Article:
I decided to learn as much as I possibly could about Internet marketing. Mailing list automation. Sales funnels. Conversion rates. Eye-tracking studies. Website optimization. I wanted to learn EVERYTHING. I came from an old-school, traditional marketing background, so this was a whole new world for me. It was like… the Wild West. I went deep, deep, deeeeeep into the Internet marketing abyss.

But most of the info I found just didn’t feel right. There was all kinds of wacky advice. Like, “The uglier your website, the better for sales.” Huh? And also, “You can be an ‘expert’ in anything as long as you believe in yourself and read enough of other people’s work and just repurpose it slightly.” What? In the Internet marketing universe, I met tons of people who were allegedly very wealthy, but chose to spend their weekends in drab hotel conference rooms teaching other people how to be rich, too. Hmm. Doesn’t add up.

I kept feeling weird and icky, but I ignored my gut. I kept telling myself, “I’m new to all of this stuff. These people are the experts, not me! I should follow their advice, I guess…”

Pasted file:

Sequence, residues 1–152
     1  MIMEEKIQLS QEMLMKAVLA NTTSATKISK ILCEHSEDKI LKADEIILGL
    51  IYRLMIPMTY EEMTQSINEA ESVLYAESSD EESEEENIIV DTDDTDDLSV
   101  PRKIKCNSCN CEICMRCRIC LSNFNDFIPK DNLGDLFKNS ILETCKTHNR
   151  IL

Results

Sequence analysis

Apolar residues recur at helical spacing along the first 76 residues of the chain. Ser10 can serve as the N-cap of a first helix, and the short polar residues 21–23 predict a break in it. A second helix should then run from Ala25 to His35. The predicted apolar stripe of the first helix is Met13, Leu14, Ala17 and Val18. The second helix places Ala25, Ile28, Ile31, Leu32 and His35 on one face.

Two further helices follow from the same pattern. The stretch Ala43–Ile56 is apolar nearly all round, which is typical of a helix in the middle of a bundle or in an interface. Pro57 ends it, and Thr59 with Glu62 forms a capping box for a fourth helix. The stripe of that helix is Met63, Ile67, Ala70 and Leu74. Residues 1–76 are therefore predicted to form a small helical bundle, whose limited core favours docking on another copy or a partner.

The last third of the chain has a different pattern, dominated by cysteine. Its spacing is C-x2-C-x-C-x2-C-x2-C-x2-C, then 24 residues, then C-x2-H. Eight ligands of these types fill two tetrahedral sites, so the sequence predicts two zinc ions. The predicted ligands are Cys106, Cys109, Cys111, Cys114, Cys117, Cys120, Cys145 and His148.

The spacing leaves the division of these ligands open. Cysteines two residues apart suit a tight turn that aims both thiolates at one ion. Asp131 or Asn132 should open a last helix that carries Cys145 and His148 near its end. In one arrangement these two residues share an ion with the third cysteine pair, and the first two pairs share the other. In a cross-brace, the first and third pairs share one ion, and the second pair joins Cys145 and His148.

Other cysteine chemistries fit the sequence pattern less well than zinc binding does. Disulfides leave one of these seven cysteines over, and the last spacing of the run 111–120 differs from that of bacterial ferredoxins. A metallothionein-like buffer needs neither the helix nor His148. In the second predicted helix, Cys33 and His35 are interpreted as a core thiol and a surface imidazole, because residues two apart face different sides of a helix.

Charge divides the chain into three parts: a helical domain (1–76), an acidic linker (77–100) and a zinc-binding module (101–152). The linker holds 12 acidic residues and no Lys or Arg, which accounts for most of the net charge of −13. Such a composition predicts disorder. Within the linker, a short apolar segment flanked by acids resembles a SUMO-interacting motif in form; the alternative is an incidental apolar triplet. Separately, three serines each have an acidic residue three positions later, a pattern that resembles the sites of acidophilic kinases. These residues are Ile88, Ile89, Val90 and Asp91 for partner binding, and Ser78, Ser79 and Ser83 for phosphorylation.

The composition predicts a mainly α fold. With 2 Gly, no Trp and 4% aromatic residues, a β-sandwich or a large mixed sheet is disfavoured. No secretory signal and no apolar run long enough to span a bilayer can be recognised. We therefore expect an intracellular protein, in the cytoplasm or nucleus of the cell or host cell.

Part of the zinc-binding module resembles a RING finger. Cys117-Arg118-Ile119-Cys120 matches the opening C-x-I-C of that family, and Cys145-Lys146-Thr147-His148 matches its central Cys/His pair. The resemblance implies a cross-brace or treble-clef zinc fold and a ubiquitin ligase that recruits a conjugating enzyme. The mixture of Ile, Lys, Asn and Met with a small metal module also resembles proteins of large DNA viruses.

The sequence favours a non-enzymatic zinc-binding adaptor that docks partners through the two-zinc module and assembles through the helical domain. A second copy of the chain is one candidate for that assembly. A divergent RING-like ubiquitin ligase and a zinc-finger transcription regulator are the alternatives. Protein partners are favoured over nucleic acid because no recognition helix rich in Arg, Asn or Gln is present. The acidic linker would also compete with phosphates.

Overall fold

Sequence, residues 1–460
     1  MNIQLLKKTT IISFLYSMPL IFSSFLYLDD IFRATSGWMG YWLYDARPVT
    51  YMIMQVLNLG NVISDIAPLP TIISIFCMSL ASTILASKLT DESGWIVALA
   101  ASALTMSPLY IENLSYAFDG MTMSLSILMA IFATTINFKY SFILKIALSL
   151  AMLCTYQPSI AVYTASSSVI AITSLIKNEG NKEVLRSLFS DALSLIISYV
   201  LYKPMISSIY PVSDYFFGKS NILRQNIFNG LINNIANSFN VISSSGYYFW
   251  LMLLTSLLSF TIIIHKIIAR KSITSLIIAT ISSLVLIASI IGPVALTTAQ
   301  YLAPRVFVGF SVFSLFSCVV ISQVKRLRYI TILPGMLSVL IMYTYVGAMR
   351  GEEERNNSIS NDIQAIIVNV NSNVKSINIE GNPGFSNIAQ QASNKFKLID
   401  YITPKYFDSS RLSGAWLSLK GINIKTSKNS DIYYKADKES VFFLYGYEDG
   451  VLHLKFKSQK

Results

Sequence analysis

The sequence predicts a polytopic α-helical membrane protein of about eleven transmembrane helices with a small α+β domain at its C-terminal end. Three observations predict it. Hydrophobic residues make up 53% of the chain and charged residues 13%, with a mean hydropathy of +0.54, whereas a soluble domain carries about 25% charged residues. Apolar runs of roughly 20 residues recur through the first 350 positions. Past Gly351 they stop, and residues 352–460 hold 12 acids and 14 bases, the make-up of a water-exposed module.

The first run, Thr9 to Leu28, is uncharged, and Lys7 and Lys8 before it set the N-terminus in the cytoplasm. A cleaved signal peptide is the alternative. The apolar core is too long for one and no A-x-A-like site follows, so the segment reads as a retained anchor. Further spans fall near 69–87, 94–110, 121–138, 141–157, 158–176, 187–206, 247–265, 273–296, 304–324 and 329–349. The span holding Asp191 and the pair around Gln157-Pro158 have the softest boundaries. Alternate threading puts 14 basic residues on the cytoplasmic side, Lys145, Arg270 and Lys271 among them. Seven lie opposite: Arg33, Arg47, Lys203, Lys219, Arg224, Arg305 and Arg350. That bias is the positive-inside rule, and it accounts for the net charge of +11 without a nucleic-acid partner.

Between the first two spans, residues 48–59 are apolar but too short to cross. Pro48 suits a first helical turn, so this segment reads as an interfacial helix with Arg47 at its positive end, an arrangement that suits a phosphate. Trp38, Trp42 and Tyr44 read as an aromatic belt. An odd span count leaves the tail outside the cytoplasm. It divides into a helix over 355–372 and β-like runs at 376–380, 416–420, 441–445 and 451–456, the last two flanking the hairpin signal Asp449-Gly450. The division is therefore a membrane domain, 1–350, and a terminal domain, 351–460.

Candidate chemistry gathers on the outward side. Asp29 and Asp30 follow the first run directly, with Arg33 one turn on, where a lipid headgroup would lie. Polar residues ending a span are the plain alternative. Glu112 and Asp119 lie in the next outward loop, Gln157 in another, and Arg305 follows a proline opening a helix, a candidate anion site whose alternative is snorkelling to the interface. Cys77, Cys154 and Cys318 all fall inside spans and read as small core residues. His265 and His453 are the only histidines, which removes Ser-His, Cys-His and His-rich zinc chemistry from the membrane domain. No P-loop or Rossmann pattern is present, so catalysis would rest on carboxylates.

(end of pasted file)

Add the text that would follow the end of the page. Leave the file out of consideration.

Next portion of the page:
So I trotted along, running my business, and trying to implement all of the Internet marketing advice I’d been absorbing. But instead of creating the sales explosion I’d been hoping for, everything went in the opposite direction. I launched a new class, followed all the steps the “gurus” had laid out, and I didn’t have ONE SALE. Literally not even one.

Crushed and depressed, I turned back to the cake pop gal that I’d met earlier that year. I was hoping to pick her brain. Maybe she could give me a pep talk. I emailed her and the email bounced back—undeliverable. Hmm, weird. I visited her website—gone. Social media pages—removed. It was as if this woman and her $500K business had completely vanished. Did she ever really exist?!